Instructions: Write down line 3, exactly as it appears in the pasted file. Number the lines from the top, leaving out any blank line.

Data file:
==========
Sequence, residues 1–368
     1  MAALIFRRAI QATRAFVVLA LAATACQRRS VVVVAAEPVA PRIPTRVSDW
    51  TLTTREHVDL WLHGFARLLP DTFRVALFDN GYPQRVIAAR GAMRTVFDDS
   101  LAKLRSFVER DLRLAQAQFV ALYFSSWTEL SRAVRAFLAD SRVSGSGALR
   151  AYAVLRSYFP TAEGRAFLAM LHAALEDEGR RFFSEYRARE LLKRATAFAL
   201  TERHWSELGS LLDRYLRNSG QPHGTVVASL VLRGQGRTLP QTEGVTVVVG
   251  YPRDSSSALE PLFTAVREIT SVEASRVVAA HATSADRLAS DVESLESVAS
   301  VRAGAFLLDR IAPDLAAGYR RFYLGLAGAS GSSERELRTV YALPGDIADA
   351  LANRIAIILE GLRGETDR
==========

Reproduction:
    51  TLTTREHVDL WLHGFARLLP DTFRVALFDN GYPQRVIAAR GAMRTVFDDS